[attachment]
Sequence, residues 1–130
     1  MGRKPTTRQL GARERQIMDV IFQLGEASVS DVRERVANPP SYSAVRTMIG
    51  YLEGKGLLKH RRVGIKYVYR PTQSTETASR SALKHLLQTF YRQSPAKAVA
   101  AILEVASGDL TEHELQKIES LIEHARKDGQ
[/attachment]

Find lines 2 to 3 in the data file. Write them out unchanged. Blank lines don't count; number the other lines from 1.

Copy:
     1  MGRKPTTRQL GARERQIMDV IFQLGEASVS DVRERVANPP SYSAVRTMIG
    51  YLEGKGLLKH RRVGIKYVYR PTQSTETASR SALKHLLQTF YRQSPAKAVA